When you hire someone to fix your broken tap, you want to be sure that they have the specialist knowledge and skills to do a good job the first time round rather than leaving you open to further hassle and costs a few months down the line. But with many of us confused by the wide range of plumbing and heating qualifications and registers out there, it can be difficult to know what to look for as proof of your installer's credentials. We've written this brief guide with the aim of helping you to uncode what different certificates mean so the next time you discover a leaking tap or need your boiler replaced you're quickly able to recognise the signs of a truly competent plumber.
Professional diplomas are the main qualification required in order to begin a career in plumbing. Any plumber contracted to undertake domestic work in your property should have at least an NVQ Level 2 (Level 2 Diploma in Installing and Maintaining Domestic Heating Systems).
Many will also go on to complete an NVQ Level 3 (Level 3 Diploma in Domestic Plumbing and Heating). NVQs typically combine wide range of underpinning studying and on the job training. They are accredited by the awarding bodies City & Guilds, EAL and BPEC. The industry recognise NVQs delivered by the industry Awarding Bodies as the measure of competence of a plumbers ability, skills, knowledge and professionalism and at Level 3 can undertake complex sizing, design, installation, commissioning, fault finding and servicing tasks.
NVQs should not be confused with short or fast-track courses and Vocational Related Qualifications (VRQs), which are unlikely to cover the full range of skills and knowledge required to become a quality plumber. If your plumber has undertaken such a course, be sure to ask how much practical training the course involved as well as checking whether the course is industry recognised.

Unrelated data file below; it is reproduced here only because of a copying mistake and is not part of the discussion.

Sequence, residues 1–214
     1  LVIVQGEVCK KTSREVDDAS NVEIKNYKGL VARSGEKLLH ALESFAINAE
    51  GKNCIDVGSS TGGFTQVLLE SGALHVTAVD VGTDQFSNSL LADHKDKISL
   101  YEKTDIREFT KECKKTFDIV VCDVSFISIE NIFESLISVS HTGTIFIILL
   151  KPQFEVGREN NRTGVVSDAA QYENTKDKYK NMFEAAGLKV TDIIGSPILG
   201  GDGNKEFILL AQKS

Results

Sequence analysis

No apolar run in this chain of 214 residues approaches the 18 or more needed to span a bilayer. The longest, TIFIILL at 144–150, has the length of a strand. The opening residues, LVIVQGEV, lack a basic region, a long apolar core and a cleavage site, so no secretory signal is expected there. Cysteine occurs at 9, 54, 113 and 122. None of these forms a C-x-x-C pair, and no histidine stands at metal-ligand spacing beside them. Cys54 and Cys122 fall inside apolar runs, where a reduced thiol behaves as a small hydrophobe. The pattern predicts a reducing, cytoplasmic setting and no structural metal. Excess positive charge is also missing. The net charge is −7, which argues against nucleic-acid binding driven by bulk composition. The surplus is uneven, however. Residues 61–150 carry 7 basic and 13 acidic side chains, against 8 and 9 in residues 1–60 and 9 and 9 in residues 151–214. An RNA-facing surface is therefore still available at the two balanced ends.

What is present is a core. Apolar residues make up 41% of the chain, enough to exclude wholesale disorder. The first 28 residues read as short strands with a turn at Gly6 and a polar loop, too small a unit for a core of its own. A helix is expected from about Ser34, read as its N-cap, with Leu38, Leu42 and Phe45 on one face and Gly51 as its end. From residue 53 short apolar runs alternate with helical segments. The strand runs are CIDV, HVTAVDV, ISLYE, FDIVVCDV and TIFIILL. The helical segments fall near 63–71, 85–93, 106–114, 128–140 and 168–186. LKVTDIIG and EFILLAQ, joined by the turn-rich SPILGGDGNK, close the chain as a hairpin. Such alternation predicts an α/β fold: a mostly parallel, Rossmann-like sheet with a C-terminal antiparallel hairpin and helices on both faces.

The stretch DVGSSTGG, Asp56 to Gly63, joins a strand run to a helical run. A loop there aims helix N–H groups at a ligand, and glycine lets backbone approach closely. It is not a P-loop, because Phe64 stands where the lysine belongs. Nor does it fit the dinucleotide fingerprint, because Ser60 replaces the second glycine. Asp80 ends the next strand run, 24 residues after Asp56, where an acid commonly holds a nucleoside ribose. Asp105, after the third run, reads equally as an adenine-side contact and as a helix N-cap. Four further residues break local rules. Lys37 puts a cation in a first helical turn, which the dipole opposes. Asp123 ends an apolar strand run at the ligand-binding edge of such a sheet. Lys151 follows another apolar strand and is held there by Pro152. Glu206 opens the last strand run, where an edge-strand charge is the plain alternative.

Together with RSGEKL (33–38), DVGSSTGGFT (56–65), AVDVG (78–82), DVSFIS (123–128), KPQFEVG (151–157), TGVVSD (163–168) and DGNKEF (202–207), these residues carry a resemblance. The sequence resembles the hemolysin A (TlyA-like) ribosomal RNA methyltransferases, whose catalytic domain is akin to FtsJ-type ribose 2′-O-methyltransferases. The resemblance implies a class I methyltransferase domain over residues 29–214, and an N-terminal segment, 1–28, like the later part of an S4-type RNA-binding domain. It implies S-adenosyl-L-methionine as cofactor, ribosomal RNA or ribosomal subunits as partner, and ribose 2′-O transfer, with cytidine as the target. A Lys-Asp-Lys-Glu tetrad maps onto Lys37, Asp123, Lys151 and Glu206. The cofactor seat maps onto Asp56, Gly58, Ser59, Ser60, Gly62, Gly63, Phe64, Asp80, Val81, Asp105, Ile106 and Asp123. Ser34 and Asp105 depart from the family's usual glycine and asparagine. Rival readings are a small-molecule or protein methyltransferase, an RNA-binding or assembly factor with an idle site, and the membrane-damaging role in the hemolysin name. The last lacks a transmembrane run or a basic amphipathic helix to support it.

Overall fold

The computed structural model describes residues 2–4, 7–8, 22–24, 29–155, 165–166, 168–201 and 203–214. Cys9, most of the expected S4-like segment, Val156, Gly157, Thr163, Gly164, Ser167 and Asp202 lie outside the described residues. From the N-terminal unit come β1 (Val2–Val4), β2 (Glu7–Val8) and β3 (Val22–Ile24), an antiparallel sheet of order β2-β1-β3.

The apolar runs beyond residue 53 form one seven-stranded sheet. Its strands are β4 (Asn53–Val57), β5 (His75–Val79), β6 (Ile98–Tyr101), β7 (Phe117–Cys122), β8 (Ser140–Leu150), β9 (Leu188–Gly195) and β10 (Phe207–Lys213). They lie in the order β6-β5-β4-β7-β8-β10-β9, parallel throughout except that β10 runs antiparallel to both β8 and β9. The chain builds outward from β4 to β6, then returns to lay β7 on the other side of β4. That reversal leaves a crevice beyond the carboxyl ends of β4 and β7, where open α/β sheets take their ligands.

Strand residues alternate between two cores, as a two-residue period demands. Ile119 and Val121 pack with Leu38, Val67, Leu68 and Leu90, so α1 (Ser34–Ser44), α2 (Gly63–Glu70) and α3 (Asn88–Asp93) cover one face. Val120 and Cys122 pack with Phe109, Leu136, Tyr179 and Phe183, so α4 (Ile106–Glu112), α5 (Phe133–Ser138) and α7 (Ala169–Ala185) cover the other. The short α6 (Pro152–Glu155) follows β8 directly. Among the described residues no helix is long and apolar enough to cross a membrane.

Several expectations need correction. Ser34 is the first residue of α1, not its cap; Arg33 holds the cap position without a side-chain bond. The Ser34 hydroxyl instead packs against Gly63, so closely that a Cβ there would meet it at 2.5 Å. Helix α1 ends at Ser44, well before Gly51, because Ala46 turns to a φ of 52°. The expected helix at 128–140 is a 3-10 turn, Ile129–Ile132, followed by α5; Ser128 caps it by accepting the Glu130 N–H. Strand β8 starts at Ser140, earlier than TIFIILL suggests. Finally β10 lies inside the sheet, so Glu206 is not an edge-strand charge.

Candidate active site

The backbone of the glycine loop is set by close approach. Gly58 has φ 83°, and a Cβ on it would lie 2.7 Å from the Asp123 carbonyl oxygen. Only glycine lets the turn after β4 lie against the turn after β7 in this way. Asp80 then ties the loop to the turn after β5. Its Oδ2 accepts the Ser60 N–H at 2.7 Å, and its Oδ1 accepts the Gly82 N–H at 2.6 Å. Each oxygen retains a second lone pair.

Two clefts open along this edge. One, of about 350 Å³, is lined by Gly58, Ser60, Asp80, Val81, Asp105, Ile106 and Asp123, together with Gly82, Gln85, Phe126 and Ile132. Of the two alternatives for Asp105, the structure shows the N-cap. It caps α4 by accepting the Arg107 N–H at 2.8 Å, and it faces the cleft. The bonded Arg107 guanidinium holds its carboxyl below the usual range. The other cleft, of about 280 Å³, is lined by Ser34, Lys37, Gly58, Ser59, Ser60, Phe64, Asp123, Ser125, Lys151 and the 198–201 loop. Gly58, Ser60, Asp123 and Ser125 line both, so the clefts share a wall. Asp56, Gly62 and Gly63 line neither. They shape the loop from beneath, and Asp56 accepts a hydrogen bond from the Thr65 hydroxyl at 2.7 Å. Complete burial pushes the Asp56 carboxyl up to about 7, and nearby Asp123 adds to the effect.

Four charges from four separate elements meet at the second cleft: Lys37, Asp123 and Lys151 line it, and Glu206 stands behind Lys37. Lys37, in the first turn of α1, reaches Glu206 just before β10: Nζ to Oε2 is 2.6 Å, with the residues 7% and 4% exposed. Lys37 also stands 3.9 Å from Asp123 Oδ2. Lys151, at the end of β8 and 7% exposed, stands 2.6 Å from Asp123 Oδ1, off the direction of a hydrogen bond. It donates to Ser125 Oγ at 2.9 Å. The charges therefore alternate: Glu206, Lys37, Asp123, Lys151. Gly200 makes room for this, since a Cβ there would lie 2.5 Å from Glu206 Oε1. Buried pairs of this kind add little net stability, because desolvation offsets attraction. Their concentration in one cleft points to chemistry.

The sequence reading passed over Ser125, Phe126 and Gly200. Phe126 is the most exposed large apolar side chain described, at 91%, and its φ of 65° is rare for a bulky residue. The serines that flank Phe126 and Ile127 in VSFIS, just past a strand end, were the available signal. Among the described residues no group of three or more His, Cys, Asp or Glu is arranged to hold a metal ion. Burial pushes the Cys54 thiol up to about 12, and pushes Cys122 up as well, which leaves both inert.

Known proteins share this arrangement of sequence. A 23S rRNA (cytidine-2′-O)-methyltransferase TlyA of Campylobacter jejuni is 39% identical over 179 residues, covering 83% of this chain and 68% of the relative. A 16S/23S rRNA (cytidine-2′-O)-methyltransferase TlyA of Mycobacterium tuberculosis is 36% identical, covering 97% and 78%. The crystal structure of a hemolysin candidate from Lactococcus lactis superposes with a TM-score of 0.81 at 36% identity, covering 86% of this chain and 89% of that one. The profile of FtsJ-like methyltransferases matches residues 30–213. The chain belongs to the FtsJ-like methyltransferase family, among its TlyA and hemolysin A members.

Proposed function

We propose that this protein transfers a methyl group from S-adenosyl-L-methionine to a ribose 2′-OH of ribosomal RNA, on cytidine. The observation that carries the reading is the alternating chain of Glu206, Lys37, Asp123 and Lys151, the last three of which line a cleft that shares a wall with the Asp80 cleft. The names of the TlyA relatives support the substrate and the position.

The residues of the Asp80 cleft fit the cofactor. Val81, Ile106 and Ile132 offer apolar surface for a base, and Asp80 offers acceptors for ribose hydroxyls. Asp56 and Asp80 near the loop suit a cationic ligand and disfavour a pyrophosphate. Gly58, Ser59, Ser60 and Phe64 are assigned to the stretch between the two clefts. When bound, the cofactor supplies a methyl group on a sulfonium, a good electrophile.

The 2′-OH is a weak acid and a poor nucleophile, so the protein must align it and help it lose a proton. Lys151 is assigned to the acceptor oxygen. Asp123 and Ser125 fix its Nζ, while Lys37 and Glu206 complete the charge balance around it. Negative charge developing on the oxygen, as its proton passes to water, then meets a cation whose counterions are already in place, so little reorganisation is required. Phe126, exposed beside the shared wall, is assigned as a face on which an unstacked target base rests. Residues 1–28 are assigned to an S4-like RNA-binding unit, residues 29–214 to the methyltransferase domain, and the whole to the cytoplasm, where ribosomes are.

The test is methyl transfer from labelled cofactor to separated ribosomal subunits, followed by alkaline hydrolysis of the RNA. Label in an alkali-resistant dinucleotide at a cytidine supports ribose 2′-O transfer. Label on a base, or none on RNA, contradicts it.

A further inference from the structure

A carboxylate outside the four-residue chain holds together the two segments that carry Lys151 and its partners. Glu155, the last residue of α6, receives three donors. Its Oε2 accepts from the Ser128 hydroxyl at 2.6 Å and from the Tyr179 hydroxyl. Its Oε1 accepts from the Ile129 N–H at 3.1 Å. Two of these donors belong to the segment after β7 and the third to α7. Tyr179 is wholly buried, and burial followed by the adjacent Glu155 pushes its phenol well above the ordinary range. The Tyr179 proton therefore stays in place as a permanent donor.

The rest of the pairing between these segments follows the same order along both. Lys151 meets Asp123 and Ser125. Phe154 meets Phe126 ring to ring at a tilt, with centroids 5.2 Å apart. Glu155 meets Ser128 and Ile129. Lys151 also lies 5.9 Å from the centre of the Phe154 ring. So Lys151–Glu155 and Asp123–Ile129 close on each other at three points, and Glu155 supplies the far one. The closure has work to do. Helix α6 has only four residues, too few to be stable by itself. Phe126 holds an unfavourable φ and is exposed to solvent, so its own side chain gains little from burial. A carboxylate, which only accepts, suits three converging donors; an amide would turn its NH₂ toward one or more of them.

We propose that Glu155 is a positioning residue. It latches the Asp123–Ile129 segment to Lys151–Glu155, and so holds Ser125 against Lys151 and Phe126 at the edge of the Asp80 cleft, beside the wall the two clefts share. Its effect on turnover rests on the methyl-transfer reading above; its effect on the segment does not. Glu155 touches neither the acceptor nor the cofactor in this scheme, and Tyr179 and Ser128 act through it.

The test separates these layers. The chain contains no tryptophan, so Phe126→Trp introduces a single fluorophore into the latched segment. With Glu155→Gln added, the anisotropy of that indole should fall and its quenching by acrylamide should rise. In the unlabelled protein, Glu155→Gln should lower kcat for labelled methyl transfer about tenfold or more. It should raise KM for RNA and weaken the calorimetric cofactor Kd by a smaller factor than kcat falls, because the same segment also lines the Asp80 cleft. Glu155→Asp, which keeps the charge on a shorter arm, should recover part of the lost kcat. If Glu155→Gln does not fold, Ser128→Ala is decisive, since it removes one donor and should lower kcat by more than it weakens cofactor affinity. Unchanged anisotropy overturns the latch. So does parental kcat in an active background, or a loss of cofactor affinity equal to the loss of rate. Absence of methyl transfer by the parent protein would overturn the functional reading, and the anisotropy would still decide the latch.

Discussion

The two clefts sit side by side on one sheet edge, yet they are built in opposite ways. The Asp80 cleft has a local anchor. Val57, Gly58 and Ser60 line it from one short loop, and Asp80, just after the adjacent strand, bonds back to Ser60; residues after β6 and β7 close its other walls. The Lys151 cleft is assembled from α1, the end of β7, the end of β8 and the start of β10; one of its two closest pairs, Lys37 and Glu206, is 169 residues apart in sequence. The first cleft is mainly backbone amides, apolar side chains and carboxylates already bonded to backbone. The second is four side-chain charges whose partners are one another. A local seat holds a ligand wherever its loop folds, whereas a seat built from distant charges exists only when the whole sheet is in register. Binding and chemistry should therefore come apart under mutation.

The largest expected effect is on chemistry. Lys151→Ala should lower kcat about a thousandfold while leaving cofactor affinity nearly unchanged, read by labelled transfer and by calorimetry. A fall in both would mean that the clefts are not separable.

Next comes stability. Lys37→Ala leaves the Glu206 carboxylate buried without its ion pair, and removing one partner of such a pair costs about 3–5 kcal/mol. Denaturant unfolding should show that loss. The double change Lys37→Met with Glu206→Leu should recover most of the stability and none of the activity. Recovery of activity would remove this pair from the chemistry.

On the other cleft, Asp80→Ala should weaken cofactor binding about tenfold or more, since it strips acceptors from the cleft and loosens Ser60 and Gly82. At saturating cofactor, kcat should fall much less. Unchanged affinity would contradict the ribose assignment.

Mature plumbers who left school and went straight into their first plumbing job may not have qualifications but may possess instead many years of valuable experience. Trade bodies like APHC recognise this through experienced worker schemes.
Gas Safe Register
While installers undertaking traditional plumbing jobs such as fixing taps are not legally required to hold a specific certificate, those installing boilers or work involving gas must be on the Gas Safe Register. This regulatory scheme ensures that contractors are qualified and safe to undertake work on gas appliances so you should make it your number one priority to ask for Gas Safe accreditation when hiring someone to do gas work in your home. Horror stories of whole families dying from carbon monoxide poisoning due to gas work performed by an illegal installer are well documented in the news. Asking for proof of credentials could well save your life so it simply isn't worth taking the risk.
In order to join the Association of Plumbing and Heating Contractors (APHC), installers must pass strict quality assurance criteria and have minimum levels or work experience and qualifications, so by choosing an APHC member you can have peace of mind that work is being undertaken by a professional. To search for an APHC member in your local area, simply visit http://www.aphc.co.uk/find_an_installer.asp.